If you suffer from that feeling of ‘ice cream head’ in cold water, learning to use a full-face mask, which encloses your mouth and nose and has an integrated second stage, may be a better option. This will keep all of your face dry and provide an insulating layer of air between your face and the water. Of course, you should be suitably trained and certified in the use of the full-face mask and an appropriate pre-dive brief should be given.

In the winter, it is even more important than usual to ensure that your drysuit doesn’t leak so that your underlayers remain dry and retain their full insulating properties. You could also use a second dry hood and a dry pair of gloves for your second dive, to further insulate your extremities.

Even with the use of appropriate insulation, you will get cold during a cold-water dive. Bear in mind that if you are planning a multi-dive day, the effects of the cold could be cumulative and could end up affecting you more than you might anticipate. It might be better to plan your diving so that you only do one dive a day, allowing you to fully recover before your next dive.

Another way that you can conserve heat is to consider what you eat and drink. Following a cold dive, having a warm drink is a good way of rewarming. An even better option is hot soup or a stew, which not only provides warmth but is also a good source of nutrition. If you don’t feel like a meal immediately after a dive, a cup of hot chocolate made with milk will provide at least some protein and carbohydrate and warm you up from the inside.

The other thing to think about is shelter after a dive. Exposure to any wind on the wet outer surface of a diving suit will cool you. As soon as you have left the water and removed your diving equipment, you want to be able to shelter from any wind. This could be as simple as putting on a wind-proof coat, sitting in a wind-proof shelter (small tents can be useful for this purpose), or a heated space such as a hard boat cabin.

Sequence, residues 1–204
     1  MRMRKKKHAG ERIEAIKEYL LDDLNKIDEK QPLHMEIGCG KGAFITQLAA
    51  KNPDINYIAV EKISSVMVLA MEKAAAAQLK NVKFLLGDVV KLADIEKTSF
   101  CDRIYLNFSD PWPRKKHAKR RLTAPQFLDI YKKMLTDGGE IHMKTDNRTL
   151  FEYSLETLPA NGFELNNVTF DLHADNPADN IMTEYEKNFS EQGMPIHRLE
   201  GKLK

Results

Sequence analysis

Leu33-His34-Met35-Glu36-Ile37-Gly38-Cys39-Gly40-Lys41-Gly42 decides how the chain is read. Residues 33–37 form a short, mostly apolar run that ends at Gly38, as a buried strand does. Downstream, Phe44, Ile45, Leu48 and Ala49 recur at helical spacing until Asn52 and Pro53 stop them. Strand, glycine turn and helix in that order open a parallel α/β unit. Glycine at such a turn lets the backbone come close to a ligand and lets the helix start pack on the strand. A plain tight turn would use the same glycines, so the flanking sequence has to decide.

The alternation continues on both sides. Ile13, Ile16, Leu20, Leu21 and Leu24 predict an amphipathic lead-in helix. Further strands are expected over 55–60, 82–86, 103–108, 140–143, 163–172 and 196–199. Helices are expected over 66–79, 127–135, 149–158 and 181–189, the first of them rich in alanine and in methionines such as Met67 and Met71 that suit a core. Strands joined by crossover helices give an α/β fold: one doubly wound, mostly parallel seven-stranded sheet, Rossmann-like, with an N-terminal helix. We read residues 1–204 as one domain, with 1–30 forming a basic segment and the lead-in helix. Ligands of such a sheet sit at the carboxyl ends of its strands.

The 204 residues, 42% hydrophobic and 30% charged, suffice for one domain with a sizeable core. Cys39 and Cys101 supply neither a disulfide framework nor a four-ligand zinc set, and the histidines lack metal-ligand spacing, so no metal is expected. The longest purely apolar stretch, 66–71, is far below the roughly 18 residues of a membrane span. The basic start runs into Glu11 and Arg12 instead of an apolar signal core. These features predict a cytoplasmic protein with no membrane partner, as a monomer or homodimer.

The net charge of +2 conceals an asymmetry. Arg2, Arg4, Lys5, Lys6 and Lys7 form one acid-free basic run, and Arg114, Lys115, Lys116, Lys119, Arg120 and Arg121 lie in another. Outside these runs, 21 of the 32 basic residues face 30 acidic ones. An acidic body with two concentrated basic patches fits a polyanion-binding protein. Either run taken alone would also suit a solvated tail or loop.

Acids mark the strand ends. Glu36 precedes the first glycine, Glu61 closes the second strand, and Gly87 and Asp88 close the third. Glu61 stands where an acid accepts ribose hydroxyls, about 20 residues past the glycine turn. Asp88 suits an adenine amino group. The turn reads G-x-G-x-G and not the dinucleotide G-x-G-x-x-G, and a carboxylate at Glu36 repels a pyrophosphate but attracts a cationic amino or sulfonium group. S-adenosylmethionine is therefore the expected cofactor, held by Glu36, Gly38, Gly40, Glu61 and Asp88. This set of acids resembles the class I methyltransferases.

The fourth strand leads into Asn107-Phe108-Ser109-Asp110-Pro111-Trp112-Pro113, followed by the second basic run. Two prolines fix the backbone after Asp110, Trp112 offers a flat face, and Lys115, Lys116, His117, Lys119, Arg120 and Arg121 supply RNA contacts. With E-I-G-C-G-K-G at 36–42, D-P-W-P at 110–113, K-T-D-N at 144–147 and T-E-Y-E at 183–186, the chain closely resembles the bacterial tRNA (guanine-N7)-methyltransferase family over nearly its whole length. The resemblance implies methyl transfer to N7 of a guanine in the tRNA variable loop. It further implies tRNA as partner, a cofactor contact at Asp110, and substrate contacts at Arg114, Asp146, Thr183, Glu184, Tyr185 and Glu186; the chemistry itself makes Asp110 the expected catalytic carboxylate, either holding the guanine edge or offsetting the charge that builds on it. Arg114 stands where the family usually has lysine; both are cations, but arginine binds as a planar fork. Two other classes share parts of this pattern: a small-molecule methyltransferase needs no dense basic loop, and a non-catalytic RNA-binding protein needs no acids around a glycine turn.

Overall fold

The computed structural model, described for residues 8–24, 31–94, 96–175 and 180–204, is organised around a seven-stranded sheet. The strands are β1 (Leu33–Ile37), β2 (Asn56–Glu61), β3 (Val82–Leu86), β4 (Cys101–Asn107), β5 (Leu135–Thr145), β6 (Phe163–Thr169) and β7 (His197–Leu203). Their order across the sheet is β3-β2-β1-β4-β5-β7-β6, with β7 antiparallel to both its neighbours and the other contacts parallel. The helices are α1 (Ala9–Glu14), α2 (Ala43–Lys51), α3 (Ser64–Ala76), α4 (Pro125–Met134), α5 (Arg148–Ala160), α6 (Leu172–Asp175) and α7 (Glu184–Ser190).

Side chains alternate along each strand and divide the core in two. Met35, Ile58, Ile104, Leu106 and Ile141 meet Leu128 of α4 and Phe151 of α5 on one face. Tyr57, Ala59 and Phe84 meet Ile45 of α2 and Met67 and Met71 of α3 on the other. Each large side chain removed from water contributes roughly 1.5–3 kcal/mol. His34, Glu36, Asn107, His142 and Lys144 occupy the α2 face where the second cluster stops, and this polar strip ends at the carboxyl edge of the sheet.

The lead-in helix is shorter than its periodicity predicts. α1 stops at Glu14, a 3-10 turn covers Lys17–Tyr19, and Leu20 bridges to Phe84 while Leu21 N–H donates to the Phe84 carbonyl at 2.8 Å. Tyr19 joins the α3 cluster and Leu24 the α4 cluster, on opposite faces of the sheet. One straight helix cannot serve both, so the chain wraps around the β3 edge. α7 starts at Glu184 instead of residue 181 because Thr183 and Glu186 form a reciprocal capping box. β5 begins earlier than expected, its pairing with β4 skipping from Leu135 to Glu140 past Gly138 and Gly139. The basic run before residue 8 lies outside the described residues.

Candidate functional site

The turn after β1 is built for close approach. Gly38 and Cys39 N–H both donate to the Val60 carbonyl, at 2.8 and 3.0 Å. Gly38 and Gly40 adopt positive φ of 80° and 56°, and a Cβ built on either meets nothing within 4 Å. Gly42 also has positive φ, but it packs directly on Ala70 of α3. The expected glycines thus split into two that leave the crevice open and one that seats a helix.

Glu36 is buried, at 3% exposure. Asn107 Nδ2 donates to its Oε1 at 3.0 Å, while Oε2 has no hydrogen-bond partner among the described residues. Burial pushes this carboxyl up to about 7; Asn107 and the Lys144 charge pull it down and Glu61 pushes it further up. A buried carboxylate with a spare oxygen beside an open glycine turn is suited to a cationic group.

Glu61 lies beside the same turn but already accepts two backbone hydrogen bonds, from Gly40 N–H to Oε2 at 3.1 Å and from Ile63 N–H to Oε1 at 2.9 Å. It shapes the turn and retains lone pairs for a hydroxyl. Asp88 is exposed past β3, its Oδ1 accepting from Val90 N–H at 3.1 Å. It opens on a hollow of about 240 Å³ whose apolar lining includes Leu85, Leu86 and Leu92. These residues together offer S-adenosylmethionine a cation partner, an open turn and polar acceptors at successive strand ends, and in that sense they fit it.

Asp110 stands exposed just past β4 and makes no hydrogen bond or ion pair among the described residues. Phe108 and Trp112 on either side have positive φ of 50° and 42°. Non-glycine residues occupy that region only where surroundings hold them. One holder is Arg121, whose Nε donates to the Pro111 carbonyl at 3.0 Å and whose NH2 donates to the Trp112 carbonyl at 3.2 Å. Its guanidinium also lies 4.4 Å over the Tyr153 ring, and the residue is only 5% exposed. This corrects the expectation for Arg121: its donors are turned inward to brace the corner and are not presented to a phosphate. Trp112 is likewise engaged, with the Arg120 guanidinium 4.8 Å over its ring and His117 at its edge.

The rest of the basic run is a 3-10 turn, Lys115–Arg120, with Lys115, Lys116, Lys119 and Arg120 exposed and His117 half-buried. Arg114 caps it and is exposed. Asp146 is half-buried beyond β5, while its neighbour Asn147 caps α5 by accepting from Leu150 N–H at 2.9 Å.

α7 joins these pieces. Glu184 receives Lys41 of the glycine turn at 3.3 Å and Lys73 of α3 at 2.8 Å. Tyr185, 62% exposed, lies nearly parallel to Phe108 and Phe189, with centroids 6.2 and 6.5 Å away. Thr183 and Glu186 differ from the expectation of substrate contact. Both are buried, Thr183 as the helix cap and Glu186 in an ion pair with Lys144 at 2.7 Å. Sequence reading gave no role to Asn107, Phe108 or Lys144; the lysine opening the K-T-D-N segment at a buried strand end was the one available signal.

If, as a diver, you are becoming cold you should alert your buddy and end the dive; if you are feeling cold it is likely that your buddy will also be cold. Cold impairs your ability to think and react, especially in stressful situations. Be aware that you are already on the edge of the incident pit. Cold conditions can also cause you to tire sooner, as your body concentrates on maintaining core temperature. It is far safer to have a short and enjoyable dive.

What next?

Cold-water diving in the UK can offer some of the best viz of the year, but it’s not for everyone. If you try it and don’t like it you can always take part in winter expeditions as part of the surface team. On the other hand, a more extreme version of winter diving is diving under ice, and BSAC offers an Ice Diving Skill Development Course, which includes much useful, and interesting, information about coldwater diving. Maybe you should give it a try? 



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This Learning Curve article was originally published in SCUBA magazine, Issue 97 December 2019.

Images in this online version may have been substituted from the original images in SCUBA magazine due to usage rights.